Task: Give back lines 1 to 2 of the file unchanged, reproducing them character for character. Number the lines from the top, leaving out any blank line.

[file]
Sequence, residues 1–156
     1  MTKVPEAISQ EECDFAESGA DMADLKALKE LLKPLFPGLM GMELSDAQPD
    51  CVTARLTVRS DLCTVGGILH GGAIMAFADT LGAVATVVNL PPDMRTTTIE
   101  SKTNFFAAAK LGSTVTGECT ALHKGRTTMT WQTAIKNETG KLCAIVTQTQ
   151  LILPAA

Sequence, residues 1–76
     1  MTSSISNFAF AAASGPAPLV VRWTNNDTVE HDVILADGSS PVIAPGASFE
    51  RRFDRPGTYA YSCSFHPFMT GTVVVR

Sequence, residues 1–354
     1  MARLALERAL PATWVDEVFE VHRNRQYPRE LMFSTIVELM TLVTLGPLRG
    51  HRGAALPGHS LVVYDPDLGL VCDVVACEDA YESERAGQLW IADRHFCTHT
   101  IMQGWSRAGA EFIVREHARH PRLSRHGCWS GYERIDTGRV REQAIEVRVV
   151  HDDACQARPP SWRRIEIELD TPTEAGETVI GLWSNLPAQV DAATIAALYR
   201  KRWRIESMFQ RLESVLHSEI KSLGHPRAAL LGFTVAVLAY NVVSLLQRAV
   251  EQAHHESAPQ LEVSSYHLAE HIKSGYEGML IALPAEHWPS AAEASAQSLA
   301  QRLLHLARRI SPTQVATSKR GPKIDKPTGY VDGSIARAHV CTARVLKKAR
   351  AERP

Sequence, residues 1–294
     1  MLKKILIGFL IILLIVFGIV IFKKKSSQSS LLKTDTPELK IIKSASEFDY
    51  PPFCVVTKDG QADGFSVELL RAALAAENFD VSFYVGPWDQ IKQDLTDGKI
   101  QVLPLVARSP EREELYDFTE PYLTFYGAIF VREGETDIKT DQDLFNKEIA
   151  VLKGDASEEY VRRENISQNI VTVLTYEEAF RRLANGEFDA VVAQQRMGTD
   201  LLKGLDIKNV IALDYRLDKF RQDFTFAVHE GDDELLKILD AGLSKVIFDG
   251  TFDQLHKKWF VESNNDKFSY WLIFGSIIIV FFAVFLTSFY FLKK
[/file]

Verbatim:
Sequence, residues 1–156
     1  MTKVPEAISQ EECDFAESGA DMADLKALKE LLKPLFPGLM GMELSDAQPD